Auburn in Placer County, California — The American West (Pacific Coastal)
Erected 1991 by Native Sons of the Golden West, Thomas W. Perazzo, Grand President.
Topics and series. This historical marker is listed in these topic lists: Asian Americans • Man-Made Features • Railroads & Streetcars. In addition, it is included in the Chinese Heritage Sites of the American West, the Native Sons/Daughters of the Golden West, and the Transcontinental Railroad series lists.
Location. 38° 52.677′ N, 121° 4.987′ W. Touch for map. Marker is in this post office area: Auburn CA 95603, United States of America. Touch for directions.
Other nearby markers. At least 8 other markers are within 2 miles of this marker, measured as the crow flies. Travelers’ Rest (approx. one mile away); Location of Camp Flint (approx. 1.1 miles away); Placer County Museum (approx. 1.1 miles away); Camp Flint (approx. 1.1 miles away); Jean Baptiste Charbonneau (approx. 1.1 miles away); Gietzen Fire Station (approx. 1.1 miles away); Chinese Houses (approx. 1.1 miles away); The Auburn Joss House (approx. 1.2 miles away). Touch for a list and map of all markers in Auburn.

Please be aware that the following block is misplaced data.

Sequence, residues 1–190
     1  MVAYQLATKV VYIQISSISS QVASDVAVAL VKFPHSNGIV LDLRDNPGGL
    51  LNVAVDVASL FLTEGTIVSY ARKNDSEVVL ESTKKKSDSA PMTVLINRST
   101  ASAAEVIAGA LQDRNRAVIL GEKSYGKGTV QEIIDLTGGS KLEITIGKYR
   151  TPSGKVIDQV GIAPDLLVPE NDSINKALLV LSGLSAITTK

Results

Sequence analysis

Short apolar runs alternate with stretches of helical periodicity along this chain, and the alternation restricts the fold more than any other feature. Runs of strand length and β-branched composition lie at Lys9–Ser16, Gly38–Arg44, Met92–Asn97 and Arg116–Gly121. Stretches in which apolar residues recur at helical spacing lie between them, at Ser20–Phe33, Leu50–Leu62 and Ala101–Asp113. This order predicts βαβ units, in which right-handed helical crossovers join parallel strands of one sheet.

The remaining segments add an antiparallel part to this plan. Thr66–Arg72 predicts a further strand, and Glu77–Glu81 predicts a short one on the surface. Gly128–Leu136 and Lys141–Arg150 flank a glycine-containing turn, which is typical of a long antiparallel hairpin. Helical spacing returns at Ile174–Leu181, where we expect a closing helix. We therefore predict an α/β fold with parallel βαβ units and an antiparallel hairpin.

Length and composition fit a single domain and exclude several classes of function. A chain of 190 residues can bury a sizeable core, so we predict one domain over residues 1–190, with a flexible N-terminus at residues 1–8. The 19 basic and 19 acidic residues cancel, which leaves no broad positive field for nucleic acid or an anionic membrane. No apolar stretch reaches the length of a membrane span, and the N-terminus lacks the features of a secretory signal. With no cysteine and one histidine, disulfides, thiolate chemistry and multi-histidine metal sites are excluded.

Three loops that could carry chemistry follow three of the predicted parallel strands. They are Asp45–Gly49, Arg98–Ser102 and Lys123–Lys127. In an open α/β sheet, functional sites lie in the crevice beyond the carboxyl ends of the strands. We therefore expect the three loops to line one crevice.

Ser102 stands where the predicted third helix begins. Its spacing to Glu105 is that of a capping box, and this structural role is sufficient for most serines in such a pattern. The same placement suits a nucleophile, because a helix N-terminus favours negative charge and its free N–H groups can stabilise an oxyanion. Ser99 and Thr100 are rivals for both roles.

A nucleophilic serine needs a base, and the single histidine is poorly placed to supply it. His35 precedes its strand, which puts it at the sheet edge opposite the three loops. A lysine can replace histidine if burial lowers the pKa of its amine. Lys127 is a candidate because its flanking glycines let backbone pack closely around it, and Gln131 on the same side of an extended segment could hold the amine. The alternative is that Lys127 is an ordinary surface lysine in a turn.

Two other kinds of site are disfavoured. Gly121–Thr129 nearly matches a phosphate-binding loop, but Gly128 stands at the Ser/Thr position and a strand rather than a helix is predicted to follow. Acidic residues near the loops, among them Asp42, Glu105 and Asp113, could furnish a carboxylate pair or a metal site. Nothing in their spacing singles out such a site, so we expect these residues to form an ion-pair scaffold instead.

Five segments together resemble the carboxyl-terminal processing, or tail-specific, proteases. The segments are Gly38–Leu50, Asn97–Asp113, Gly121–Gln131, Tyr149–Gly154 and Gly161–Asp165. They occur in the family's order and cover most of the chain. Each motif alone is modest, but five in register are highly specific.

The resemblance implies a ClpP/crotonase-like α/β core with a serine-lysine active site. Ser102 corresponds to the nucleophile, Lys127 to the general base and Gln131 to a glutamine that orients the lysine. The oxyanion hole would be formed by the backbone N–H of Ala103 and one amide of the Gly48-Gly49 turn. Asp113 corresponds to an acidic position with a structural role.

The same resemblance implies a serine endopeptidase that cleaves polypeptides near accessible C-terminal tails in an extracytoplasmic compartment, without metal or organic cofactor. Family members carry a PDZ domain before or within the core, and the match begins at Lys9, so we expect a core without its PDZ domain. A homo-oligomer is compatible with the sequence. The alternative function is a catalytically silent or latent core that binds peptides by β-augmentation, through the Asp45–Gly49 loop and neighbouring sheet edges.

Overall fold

More about this marker. Herdal Drive appears to have been planned to go further but instead it ends at the corner of Quinn Way. There is a wooden barricade fence and the monument is just over the fence. Follow the path beyond the monument for about 2/10 of a mile to the edge of the cut.
Regarding Bloomers Cut. It is 800 feet long and as deep as 63 feet at the center of the ridge.
Also see . . .
1. Sierra Nevada Geotourism Guide - Bloomers Cut. Excerpt:
In 1862, Indiana State Representative William Holman remarked about the Transcontinental Railroad that it…“could never be constructed on terms applicable to ordinary roads…it is to be constructed through almost impassable mountains, deep ravines, canyons, gorges, and over arid and sandy plains.” Representative Holman identified most of the obstacles that faced the construction of the Transcontinental Railroad and Bloomer Cut is a stunning, historic example of how those(Submitted on April 17, 2016, by James King of San Miguel, California.)
2. Bloomer Cut - Chinese Heritage Sites of the American West. Excerpt:
Normally, going through such an obstacle would not be a problem, but this ridge was made of a rock suspended in clay, which effectively formed a massive, natural, concrete wall. The natural concrete broke picks, shovels, and other equipment, and therefore CPR decided to use black blasting powder. But even blasting proved difficult because holes needed to be drilled into the hard concrete-like rock for holding the powder. The crews used 500 kegs of black powder per day, which proved to be an expensive and dangerous proposition.(Submitted on May 2, 2020.)
Credits. This page was last revised on May 2, 2020. It was originally submitted on April 17, 2016, by James King of San Miguel, California. This page has been viewed 479 times since then and 111 times this year. It was the Marker of the Week May 3, 2020. Photos: 1, 2, 3. submitted on April 17, 2016, by James King of San Miguel, California. • Syd Whittle was the editor who published this page.